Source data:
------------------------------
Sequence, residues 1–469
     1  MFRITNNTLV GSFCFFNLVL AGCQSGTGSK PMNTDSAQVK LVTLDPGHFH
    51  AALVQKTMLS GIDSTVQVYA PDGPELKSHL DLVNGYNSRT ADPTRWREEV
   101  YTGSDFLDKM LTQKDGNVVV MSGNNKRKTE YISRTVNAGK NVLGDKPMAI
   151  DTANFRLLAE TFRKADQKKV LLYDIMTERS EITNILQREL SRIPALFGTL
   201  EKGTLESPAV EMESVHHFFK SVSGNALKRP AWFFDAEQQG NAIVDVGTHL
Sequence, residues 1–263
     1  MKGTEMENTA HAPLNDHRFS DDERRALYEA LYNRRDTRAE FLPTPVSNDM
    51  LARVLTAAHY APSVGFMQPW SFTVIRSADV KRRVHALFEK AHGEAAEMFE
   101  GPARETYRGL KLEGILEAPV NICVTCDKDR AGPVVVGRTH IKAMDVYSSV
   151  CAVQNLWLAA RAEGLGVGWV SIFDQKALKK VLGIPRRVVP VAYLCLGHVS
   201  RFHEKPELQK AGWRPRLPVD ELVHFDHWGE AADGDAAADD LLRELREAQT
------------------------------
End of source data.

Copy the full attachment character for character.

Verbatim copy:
Sequence, residues 1–469
     1  MFRITNNTLV GSFCFFNLVL AGCQSGTGSK PMNTDSAQVK LVTLDPGHFH
    51  AALVQKTMLS GIDSTVQVYA PDGPELKSHL DLVNGYNSRT ADPTRWREEV
   101  YTGSDFLDKM LTQKDGNVVV MSGNNKRKTE YISRTVNAGK NVLGDKPMAI
   151  DTANFRLLAE TFRKADQKKV LLYDIMTERS EITNILQREL SRIPALFGTL
   201  EKGTLESPAV EMESVHHFFK SVSGNALKRP AWFFDAEQQG NAIVDVGTHL
Sequence, residues 1–263
     1  MKGTEMENTA HAPLNDHRFS DDERRALYEA LYNRRDTRAE FLPTPVSNDM
    51  LARVLTAAHY APSVGFMQPW SFTVIRSADV KRRVHALFEK AHGEAAEMFE
   101  GPARETYRGL KLEGILEAPV NICVTCDKDR AGPVVVGRTH IKAMDVYSSV
   151  CAVQNLWLAA RAEGLGVGWV SIFDQKALKK VLGIPRRVVP VAYLCLGHVS
   201  RFHEKPELQK AGWRPRLPVD ELVHFDHWGE AADGDAAADD LLRELREAQT